Engineering Materials

Chapter 8 - Polymers

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Objectives

Outline the structure of plastics Identify the two main types of plastics Describe various plastic processing methods Outline the common plastics, their properties and uses

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Introduction
Plastics are produced from petroleum or natural gases.

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bitumen.Introduction – cont’d Polymer can either exist naturally or synthetically A large molecule made up of repeating monomer units consist of chains or rings structure: -[R]n. and etc.(n>2000) They are based chemically on carbon which combines with elements such as H. O. Synthetic polymers include plastics. fibres. silk. wool and rubber 4 . adhesives. elastomers (synthetic rubbers). Natural polymers include shellac. coatings.

which represents average no.Structure of Plastics Simplest polymer is Polyethylene (PE) (C2H4)n Average chain size of a polymer expressed as degree of polymerization ‘n’. of MERs in a chain Average of ‘n’ for polyethylene ranges from 3500 to 25000 Double covalent bond between carbon atoms and four single covalent bonds between carbon and hydrogen atoms H2C=CH2 (monomer) Polymerization is a process where monomers are joined chemically together to form a polymer 5 .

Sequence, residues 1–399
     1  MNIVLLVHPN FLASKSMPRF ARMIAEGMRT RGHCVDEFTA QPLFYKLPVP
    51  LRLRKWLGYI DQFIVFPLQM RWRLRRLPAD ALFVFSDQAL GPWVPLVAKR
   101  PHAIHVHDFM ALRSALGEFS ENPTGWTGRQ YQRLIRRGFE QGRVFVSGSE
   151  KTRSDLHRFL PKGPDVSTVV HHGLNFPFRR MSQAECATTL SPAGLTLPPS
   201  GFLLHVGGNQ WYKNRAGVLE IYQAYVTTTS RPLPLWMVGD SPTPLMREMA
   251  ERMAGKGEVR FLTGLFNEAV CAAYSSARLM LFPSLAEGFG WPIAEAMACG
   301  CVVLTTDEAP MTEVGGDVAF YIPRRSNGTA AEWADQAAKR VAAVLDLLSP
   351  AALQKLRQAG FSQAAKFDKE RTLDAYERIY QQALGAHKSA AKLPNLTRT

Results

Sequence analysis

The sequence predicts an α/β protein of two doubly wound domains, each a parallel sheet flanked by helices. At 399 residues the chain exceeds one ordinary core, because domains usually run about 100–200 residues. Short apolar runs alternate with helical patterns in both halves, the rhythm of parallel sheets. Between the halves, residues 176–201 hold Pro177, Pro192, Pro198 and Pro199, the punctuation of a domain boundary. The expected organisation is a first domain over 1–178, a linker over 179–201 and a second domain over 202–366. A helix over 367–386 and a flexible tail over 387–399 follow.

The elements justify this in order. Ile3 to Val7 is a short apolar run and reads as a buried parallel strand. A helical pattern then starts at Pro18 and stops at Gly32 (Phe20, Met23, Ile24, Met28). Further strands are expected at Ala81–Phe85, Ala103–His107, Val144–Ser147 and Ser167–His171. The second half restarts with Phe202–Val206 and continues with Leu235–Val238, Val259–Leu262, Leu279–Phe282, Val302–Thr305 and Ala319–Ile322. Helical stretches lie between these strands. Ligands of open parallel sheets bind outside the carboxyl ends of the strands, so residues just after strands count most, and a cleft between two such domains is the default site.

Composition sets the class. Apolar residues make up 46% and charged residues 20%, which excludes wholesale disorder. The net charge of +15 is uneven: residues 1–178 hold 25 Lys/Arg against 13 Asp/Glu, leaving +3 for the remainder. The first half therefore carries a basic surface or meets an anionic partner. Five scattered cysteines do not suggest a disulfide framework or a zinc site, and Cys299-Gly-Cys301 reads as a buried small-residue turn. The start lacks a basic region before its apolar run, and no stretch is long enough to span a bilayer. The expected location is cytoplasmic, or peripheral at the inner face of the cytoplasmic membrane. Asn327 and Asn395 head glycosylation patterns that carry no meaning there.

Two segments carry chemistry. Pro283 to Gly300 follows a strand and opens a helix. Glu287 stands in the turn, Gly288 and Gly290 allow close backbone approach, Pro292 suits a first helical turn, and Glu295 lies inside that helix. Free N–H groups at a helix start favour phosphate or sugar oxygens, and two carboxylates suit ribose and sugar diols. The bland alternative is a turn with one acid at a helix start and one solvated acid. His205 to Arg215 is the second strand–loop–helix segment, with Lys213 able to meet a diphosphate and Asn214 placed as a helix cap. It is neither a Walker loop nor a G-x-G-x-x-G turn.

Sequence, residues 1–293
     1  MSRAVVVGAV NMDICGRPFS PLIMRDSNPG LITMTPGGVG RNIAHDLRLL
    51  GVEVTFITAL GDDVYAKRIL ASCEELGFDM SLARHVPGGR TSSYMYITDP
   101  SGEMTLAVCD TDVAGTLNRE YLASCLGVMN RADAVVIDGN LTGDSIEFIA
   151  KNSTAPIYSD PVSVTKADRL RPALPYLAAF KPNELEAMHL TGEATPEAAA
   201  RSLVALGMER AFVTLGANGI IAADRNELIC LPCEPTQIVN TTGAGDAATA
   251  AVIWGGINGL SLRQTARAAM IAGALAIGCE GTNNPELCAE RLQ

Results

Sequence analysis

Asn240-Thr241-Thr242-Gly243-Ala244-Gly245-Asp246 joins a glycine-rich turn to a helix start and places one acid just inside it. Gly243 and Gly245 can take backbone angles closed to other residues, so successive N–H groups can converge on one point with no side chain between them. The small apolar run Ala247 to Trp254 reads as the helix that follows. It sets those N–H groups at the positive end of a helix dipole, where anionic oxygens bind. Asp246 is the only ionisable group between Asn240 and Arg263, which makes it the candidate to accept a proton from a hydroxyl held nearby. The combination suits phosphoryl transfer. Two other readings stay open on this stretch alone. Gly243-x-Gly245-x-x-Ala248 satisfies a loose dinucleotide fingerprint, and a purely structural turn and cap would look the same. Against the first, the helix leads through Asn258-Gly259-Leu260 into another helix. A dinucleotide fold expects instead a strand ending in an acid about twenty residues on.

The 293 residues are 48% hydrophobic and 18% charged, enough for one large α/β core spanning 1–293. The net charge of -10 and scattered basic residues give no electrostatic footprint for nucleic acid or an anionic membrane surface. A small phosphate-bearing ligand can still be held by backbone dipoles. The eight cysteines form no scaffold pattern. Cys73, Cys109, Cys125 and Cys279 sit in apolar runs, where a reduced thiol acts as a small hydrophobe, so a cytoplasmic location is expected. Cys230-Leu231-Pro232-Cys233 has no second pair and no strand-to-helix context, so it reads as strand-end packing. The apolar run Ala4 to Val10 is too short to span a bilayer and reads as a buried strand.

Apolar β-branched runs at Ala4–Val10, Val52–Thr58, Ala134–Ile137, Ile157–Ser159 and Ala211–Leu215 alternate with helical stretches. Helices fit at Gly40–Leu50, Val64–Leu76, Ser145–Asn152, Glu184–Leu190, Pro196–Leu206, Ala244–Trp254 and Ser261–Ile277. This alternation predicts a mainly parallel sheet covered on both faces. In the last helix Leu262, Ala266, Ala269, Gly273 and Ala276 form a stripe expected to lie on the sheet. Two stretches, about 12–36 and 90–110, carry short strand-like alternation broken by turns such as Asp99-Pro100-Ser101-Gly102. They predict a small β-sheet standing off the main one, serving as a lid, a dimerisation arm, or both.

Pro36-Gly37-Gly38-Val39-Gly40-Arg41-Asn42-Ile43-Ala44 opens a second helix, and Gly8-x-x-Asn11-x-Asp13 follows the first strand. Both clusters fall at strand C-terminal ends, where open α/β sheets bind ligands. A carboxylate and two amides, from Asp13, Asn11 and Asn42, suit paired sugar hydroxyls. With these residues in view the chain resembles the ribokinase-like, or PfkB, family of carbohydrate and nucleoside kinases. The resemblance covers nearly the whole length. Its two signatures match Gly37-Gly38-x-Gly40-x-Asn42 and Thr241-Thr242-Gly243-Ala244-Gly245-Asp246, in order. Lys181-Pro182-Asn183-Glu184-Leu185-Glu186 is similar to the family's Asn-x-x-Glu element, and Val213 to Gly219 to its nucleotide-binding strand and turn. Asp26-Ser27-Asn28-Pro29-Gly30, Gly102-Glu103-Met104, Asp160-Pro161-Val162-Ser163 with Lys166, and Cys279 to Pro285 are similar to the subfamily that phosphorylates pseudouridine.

Structure of Plastics – cont’d MER Ethylene monomer Polyethylene Monomer (polymer) n H C H H C H heat pressure catalyst H C H H C H n H C H H C H H C H H C H H C H H C H H C H H C H 6 MER Unit .

Amorphous & Semi-Crystalline Polymers Amorphous materials are oriented in random They are formed and shaped at a temperature above Tg when they are in soft a condition Semi-crystalline polymers form ordered structures Give rise to crystalline regions dispersed within amorphous regions Hot-formed and shaped above Tm or coldformed between Tg and Tm Used above Tg and up to Tm 7 .

8 . 'rubbery' state and 'glassy' state. Temperature at which transition is between the glassy and rubbery states is called glass transition temperature or Tg.Glass Transition Temperature (Tg) Amorphous solids such as polymer can exist in two distinct states.

9 . non-crystalline solid. However. lacking any such nucleus. the liquid phase can be maintained all the way down to the temperature at which Tg occurs.Supercooling Supercooling is the process of cooling a liquid to a temperature below its melting point without it becoming a solid A liquid below its melting point will crystallise in the presence of a seed crystal (nucleus) around which a crystal structure can form. and the liquid solidifies into an amorphous solid – that is.